In the past few years, the interest for companies and investors to enter international markets and invest their money overseas has risen exponentially. International business is no longer about exporting manufactured goods, but it has turned into a more complex environment, with globally integrated value chains and business relations that go from one country to another. Whether as a manufacturer, a service provider, or an NGO, organizations have learned to deal with being international in one or other way. So too has the rate of fraud and investment scams been rising. In this context, international due diligence has never been more important to safe investment.
But international due diligence has its difficulties. Most companies and individuals are used to or at least have a basic knowledge of the domestic rules of the game. Due diligence is never a simple process, but in the domestic environment part of the process may seem lighter because we have a better understanding of what to do and where to go to search for answers. Proper due diligence in a foreign country can be very daunting for an investor or business person because of the lack of familiarity with the administrative, risk and institutions in place, not to mention the language barriers.
If you’re on the other side of the globe and have no investigation experience, chances are you’ll need the help of a professional.
International due diligence can turn particularly hard when the parties involved come from high risk countries or countries where the policies of data protection are fairly different. Such an example are China and Russia, where professional private investigators are required to investigate on a local level and no mistakes can be afforded, or else your investment may be at risk. Other countries present different challenges, like many African and Asian countries where data records do not go very far. Investors need to look for private investigators that know the local environment and laws and have a good understanding of what are acceptable practices in the country, but also understand the global reach of the investigation. Searching data alone in developed countries is not a prudent method to reduce your risk. Having a local team on the ground where you need them is critical, as trained investigators speak the language, have access to local records, and can uncover important evidence.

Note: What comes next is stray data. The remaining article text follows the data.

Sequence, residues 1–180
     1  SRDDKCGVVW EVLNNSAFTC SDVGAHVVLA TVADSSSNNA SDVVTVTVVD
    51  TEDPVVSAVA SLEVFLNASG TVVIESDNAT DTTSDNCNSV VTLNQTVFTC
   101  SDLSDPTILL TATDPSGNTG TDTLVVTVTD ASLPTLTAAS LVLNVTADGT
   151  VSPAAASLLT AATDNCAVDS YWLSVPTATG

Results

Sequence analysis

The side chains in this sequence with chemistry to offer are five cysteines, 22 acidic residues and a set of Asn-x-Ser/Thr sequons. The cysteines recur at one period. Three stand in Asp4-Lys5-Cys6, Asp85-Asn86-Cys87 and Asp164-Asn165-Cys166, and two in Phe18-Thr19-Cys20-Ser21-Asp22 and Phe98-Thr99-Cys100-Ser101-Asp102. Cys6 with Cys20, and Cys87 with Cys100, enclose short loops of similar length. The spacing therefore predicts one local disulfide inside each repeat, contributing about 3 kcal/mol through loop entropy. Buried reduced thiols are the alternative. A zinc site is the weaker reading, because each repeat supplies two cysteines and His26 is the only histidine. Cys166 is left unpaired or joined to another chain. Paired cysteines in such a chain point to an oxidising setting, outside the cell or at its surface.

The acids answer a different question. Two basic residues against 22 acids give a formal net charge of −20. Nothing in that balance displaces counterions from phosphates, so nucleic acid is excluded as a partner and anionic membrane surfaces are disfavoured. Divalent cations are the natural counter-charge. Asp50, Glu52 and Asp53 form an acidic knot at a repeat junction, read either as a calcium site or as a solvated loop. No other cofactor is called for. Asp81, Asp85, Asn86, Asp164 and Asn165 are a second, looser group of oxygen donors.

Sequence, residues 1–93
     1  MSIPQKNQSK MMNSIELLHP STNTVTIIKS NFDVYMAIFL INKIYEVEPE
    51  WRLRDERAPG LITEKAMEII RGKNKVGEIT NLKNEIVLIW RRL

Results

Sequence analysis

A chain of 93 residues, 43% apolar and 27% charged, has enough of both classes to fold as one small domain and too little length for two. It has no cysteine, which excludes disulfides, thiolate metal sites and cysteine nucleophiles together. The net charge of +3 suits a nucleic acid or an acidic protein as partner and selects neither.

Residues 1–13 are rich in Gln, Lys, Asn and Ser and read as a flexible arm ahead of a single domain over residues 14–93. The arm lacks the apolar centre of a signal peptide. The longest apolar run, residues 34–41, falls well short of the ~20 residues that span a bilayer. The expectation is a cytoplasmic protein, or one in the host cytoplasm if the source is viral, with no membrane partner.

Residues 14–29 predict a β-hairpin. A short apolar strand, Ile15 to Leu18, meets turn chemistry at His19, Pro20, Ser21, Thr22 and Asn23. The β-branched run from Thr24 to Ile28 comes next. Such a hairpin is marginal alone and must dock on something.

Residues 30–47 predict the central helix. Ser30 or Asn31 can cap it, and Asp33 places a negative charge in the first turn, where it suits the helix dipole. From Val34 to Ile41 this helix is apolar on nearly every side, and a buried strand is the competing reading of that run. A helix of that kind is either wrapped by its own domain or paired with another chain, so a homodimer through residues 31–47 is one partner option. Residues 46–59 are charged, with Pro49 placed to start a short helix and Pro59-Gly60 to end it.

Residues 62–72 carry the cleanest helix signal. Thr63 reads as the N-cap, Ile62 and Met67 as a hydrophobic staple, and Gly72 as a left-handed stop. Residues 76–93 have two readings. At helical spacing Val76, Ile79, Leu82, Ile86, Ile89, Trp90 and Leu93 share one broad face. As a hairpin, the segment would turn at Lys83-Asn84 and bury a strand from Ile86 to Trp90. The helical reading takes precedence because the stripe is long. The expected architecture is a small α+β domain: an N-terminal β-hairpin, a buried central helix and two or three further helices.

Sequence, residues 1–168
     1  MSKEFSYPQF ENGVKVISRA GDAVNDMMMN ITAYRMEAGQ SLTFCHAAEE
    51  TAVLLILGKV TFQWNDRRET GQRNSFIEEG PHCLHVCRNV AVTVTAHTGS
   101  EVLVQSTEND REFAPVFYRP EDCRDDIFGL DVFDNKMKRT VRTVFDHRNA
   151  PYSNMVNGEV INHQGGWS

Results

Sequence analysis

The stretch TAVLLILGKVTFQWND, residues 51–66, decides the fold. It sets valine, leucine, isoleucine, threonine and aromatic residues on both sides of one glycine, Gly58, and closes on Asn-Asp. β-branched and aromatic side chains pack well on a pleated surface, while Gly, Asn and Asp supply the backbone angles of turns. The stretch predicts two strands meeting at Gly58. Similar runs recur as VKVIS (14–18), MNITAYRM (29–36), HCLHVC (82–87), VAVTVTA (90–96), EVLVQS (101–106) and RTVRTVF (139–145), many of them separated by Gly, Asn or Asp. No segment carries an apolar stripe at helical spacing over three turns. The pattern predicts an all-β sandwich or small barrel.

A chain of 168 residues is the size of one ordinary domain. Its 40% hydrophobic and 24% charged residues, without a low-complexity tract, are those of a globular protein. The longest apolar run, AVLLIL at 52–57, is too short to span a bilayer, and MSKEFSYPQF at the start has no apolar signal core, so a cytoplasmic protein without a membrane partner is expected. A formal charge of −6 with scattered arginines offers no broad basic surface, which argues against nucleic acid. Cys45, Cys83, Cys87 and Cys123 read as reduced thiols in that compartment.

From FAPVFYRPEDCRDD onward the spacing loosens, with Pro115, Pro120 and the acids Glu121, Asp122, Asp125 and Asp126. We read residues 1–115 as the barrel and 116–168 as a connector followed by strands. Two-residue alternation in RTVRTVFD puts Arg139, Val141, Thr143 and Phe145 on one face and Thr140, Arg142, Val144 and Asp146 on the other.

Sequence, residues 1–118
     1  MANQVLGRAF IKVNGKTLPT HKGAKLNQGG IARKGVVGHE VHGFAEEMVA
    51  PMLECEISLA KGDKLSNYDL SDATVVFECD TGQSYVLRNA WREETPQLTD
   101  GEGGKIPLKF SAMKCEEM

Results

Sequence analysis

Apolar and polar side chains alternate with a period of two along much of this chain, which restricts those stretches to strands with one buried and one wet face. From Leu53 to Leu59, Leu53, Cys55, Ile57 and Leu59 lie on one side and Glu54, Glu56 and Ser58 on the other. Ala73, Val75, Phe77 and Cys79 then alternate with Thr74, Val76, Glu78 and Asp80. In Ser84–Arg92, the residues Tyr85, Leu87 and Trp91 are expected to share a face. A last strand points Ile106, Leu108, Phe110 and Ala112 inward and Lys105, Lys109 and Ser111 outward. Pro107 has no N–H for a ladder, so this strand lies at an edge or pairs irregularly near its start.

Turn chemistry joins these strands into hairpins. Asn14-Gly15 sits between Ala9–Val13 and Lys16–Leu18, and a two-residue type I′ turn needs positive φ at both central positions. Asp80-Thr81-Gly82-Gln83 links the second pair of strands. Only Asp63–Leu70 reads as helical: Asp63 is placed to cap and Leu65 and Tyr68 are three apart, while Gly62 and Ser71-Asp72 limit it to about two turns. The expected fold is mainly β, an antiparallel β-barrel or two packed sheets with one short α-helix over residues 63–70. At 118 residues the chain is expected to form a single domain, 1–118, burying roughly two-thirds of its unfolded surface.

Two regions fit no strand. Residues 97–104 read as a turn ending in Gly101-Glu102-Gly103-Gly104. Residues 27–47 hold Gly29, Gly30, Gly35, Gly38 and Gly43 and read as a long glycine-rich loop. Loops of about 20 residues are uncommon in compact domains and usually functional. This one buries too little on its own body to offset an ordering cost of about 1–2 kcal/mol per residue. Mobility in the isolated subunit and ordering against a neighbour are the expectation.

What would I need to get started with international due diligence?
In the first place, there is some research to do regarding the firm you are hiring for this task. International due diligence is a deep and comprehensive verification process, so you will need trained investigators on the ground and the reliability of a reputable private investigation firm that will respect your confidentiality and can handle the verification process. Wymoo®, for example, has highly trained investigators on the ground in over 100 countries, with standard due diligence investigations covering a wide scope. Points covered can include business registration and ownership information, verification of physical offices and addresses, fraud and litigation history, court and criminal records, reputation and reference checks, verification of operations and size, verification of documents, identity check, screening the case for fraud, and more. In some cases, investigators may even conduct surveillance to verify physical offices or facilities, and obtain bank records and check for assets on the company.
You will also need all the basic information. A good due diligence process depends on the quality and quantity you have from the initial information. You will need to know who your counterparty is. Request as much information as you can from the business where you are investing your money (name, address, business license, who is the legal authority, shareholders, market information, insurance, etc). The more information you can get, the more investigators can verify and investigate. It should be seen as a critical warning and a major red flag if a company is not willing to provide information. After all, you or your company will be investing in it, so information is the least you will need.
There has been a significant rise in fictitious or fraudulent companies being listed on major stock exchanges around the world, so don’t make the mistake of assuming it is safe just because it is publicly traded. And there are no shortage of criminals assuming a false identity, so consider the fact that the person you are communicating with may not be the representative he or she claims to be.
Bad decisions are the consequence of not having the right information, or having none at all. Bad information can lead to bad decisions. Clear evidence and verification of the facts can lead to a better investment. Do not worry if you are not an expert in how to conduct international due diligence. Hiring an expert is the smartest way to invest! We can help you lower your risk in a high risk world.
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© Copyright 2015 Wymoo International. All Rights Reserved. This content is the property of Wymoo International, LLC and is protected by United States of America and international copyright laws. Wymoo® is a registered trademark.